Whatever happened to bespoke?
4 min read
30 August 2013
Although organisations are embracing cloud-based solutions to drive down costs, many of these essential aspects of the business are being constrained by investment in off-the-shelf tools that fail to deliver the scalability required to support business growth
Bespoke software development, executed in an agile methodology, enables businesses to be more efficient and effective. It provides the tools that support core business objectives with minimal risk and without incurring huge additional costs.
So, when rethinking IT procurement it is essential to consider all the options.
Anyone with experience of IT knows about bespoke. Many will have experienced bespoke project development, yet far too many disregard the option of bespoke development, wrongly perceiving that bespoke adds cost and risk. The truth is that bespoke is the only way to get a solution that is really fit for purpose.
So, why does this attitude persist? There is no doubt that high profile headlines about catastrophic bespoke development failure grab the attention of those tasked with committing budget. But the problems – albeit significant – that contributed to such failures cannot be attributed to bespoke development. This is not bespoke software; this is badly managed bespoke software development. Consider, instead, the hugely successful, influential bespoke development projects – from the iPlayer to LinkedIn.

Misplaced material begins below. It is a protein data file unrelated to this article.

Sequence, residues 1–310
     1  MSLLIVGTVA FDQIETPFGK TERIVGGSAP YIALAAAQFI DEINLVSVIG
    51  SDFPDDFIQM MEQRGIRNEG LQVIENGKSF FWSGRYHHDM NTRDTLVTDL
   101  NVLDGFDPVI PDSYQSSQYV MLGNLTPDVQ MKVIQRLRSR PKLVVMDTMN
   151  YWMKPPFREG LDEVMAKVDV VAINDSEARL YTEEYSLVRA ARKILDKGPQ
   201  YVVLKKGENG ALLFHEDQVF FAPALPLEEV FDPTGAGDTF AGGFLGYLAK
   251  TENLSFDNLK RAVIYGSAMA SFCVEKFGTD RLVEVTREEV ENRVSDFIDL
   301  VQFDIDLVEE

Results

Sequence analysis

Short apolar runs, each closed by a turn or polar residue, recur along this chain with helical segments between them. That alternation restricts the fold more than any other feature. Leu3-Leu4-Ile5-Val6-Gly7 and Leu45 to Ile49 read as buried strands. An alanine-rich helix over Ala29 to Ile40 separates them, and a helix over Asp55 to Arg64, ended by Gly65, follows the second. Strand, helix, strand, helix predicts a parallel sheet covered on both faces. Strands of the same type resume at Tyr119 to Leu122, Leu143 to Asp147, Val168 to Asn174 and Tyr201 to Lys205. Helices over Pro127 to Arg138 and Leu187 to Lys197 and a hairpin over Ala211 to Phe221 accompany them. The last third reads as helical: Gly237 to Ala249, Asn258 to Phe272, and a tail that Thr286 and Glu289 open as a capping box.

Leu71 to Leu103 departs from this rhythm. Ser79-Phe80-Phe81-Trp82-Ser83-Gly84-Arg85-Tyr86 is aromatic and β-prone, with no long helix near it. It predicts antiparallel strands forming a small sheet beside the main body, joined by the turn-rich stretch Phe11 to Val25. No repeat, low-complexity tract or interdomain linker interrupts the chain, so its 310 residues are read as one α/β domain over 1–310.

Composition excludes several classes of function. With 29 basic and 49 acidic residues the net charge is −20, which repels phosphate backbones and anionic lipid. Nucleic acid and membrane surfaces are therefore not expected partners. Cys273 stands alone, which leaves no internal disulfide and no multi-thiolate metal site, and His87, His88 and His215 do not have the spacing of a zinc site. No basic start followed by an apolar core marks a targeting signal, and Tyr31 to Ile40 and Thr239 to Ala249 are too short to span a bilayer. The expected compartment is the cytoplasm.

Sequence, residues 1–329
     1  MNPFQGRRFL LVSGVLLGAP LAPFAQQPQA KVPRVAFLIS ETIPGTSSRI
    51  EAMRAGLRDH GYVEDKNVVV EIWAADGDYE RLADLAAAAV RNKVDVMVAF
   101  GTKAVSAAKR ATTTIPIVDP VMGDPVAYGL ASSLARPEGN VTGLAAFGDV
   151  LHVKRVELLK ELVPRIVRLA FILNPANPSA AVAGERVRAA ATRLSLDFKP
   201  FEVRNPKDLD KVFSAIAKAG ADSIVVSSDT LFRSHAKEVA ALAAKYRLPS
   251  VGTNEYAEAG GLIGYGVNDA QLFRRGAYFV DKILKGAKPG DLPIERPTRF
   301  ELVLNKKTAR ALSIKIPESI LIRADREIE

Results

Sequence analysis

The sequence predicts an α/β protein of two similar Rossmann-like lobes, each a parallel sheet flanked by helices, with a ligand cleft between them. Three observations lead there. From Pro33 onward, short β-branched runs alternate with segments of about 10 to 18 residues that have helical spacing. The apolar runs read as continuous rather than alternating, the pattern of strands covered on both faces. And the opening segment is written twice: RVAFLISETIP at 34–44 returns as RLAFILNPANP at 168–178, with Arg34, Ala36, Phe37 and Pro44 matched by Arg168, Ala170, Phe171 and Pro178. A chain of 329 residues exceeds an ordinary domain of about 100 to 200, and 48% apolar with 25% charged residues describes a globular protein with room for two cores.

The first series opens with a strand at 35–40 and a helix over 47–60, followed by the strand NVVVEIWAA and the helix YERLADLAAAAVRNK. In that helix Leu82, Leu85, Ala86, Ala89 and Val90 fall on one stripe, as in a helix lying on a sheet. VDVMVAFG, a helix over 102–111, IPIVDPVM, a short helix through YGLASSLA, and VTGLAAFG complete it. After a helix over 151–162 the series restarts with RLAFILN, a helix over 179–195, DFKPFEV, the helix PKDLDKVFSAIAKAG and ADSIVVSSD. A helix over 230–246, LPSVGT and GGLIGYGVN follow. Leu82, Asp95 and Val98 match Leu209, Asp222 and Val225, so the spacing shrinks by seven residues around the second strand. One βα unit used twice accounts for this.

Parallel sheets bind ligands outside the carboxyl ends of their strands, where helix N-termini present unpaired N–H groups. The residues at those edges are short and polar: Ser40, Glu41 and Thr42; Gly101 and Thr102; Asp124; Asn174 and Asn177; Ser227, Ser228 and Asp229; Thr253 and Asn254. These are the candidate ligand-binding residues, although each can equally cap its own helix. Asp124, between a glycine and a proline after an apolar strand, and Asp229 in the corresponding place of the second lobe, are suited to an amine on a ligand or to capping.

What distinguishes the bespoke failure from the bespoke success? Agile methodologies are now an inherent part of many business operations, from marketing and PR to business development. Extending this model to IT development and project management has been an essential shift in enabling businesses to align technology innovation with business objectives.
The Agile development methodologies approach is iterative, collaborative, highly visible and always creates a product. A fundamental aspect of the agile development process is a robust sign off process: relevant stakeholders have visibility of each stage. As a result, it is unheard of for an agile led development to experience the type of disaster that grabs headlines.
Making the case
Having dispelled the bespoke myth regarding risk, it is important to balance the cost of bespoke against off the shelf. Whilst the bespoke development investment is loaded towards the beginning of the cycle, there are no on going licensing costs. For any organisation, adding in the costs of licenses and training for new employees can rapidly decrease the appeal of an off-the-shelf solution.
And that is assuming the business achieves an application that is fit for purpose from day one – which is unlikely. Most organisations have to invest in some degree of customisation to tailor the solution to meet specific needs. Even worse, if the solution has not met business needs, what is the cost to the organisation in productivity reduction, poor efficiency, and lost opportunity?
Of course, for the majority of deployments, off-the-shelf works – there is no need to recreate the wheel. But at some point most organisations are likely to require a piece of software with functionality and features that are simply not available off-the-shelf. Indeed, in an era of cloud computing and viable outsourcing, bespoke is rapidly gaining ground as organisations recognise the value of innovation and agility in achieving growth and differentiation, especially in the digital economy.
As businesses take an increasingly radical review of the IT estate, isn’t it time to put bespoke back on the agenda?
Ben Gritz is managing director of Totally Communications.